American Society: Welcome mat rolled out as new members sought
One of the main objectives of the American Society of Bermuda is to promote and foster harmonious relations between US citizens living here, and Bermudians.
However the organisation gives back to the community in other ways too.
Over the past few years it has donated $200,000 to charities such as PALS, Age Concern, Bermuda Diabetic Association, Boys Day Out, Carter House, the Portuguese Association and the Bermuda Red Cross, whose premises they use for their monthly meetings.
“Our charitable donations are not advertised, but we give money quietly to many organisations,” said society vice president Ellie Najac. “If you’re going to so something good you don’t have to tell the whole world about it and I think the other board members feel the same way.”
The American Society was formed in 1961 by a small group headed by Col F VanWych Mason. It had the encouragement of the American Consulate, which believed that it would be beneficial for United States citizens in Bermuda to get together from time to time.
Wil Weber is serving his second stint as president. He first got involved with the American Society in 1993 after seeing an ad in the paper for the AGM and decided to go check it out.
“We had a very good fella in charge of the organisation at that time, Bill Cook, who retired and was heading back to the States so I became president in 1996 in my first go-round. I was president from ‘96 until 2002 and figured I had served my time but in 2008 I was drafted in again as president for a second term. I’ve had a lot of fun with it, we’ve done a lot of barbecues, I’ve enjoyed the cooking, I’ve enjoyed the camaraderie.”
Mr Weber remembers the society having a good growth period when Bob Farmer was US Consul. Those numbers have been depleted somewhat in the last few years as some international companies have left the Island and taken their American staff members with them. A drive is underway to attract new members and anyone, Bermudians included, interested in becoming a member can sign up by the end of the month. Presently there is a membership of about 200.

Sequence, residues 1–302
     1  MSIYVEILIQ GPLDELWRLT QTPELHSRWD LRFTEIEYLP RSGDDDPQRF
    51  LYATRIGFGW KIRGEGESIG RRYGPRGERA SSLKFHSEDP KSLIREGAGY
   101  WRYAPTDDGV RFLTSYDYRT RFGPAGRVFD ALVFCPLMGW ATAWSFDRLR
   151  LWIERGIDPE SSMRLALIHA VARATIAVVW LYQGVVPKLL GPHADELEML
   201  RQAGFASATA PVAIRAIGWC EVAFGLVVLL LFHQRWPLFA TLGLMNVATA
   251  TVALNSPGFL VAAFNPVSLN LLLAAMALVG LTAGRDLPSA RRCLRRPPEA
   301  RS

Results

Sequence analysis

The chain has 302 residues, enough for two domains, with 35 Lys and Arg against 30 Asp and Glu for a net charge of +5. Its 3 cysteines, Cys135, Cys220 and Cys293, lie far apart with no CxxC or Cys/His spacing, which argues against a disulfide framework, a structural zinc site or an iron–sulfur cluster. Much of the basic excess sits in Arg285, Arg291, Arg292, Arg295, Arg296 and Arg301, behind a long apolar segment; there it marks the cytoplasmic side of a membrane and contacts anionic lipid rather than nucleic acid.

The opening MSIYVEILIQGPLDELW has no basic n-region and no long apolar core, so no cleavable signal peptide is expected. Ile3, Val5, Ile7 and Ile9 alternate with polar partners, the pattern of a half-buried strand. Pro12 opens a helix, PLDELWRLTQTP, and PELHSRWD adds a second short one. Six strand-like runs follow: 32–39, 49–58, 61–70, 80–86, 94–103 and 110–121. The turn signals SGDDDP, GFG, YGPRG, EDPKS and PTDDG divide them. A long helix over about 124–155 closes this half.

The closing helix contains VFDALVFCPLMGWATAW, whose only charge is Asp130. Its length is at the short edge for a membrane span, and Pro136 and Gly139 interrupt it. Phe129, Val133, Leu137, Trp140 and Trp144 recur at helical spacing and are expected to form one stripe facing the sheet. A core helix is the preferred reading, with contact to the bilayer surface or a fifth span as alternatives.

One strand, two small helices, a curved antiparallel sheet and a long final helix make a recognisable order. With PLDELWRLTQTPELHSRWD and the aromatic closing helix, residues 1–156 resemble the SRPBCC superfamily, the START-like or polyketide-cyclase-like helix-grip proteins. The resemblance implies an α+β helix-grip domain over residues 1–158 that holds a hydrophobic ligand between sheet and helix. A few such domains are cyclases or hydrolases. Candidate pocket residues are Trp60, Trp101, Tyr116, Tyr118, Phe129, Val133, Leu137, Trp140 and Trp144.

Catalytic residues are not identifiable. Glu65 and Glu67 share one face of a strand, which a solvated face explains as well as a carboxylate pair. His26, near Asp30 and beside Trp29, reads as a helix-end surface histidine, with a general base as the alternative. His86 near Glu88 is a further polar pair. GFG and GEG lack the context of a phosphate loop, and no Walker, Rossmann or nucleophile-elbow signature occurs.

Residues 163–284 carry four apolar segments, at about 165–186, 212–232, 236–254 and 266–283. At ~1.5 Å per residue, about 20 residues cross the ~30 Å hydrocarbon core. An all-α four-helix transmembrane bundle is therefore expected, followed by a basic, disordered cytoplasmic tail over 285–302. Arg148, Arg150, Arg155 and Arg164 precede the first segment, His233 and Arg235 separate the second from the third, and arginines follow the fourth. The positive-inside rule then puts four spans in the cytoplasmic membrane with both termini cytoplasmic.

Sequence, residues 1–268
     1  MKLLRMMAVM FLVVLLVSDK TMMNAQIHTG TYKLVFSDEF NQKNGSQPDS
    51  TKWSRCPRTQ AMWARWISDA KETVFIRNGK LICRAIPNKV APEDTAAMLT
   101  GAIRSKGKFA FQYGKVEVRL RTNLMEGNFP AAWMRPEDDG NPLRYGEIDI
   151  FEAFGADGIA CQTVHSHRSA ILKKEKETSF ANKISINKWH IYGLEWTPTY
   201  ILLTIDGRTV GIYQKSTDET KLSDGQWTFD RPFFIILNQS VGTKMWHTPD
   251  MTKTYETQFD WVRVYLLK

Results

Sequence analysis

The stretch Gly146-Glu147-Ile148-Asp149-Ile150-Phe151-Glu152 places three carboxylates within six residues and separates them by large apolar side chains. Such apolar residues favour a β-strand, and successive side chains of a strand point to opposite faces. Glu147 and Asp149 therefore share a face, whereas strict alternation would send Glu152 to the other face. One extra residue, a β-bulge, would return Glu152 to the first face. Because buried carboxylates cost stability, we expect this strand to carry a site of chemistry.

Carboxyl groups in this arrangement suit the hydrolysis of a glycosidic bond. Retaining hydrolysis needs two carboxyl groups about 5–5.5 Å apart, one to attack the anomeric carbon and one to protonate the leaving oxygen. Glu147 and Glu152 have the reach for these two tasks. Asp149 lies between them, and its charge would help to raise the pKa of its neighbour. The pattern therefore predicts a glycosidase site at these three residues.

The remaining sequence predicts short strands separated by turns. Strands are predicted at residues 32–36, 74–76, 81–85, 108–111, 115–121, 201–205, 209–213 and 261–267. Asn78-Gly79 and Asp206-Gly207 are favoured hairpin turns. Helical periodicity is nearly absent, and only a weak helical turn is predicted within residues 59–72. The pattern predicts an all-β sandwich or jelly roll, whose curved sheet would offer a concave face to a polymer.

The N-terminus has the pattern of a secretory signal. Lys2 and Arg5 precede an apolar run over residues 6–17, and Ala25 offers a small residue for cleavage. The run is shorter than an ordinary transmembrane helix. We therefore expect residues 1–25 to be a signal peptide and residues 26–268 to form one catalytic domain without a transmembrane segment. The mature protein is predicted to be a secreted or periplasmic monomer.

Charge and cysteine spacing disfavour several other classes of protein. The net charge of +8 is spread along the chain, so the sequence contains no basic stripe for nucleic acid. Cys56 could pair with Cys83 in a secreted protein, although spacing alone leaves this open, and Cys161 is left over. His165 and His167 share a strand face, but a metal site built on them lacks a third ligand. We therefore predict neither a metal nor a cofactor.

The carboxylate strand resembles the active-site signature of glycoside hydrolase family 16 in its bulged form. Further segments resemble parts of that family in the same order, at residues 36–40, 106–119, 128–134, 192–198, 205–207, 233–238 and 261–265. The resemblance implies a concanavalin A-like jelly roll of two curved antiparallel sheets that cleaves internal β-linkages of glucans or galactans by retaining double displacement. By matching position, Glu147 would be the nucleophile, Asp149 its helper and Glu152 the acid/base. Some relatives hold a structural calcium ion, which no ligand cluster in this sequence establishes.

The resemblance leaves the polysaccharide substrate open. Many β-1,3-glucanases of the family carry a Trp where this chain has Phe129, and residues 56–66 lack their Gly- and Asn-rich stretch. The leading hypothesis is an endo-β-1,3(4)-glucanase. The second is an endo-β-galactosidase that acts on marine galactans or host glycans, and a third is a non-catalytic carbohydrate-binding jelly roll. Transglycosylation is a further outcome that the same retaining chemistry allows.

“I do membership as well and our numbers are down because a lot of Americans have left,” said Mrs Najac. “I get lots of e-mails saying ‘I’m returning home, I won’t be rejoining’ when we send out e-mails to remind people to renew their membership.
“I’ve gotten at least a dozen so far this year and I know there are many more.”
Said board member Renee Carter: “Some people thought it was an unapproachable group, that it was exclusive and you can’t get in, but you can. When you come to the July 4 event you find there are more Bermudians there than Americans. Although that is one of the most pronounced celebrations we have on the Island it is not the only event we have.”
One long-standing member is Bermudian Barbara Chasty who joined 18 years ago. “I started to get interested in it because the American company I worked for at the time we had the day off for the fourth of July and it started like that,” she explained.
The society also helps new residents to the Island settle into the Bermudian community as the change of culture and pace can be challenging for some.
“Most of the expats who come here have a period of adjustment,” said Mrs Najac.
The society will hold its annual general meeting on April 19, where a US Consulate spokesperson will discuss tax issues. The society will host its Memorial Day picnic at Astwood Park on May 26.
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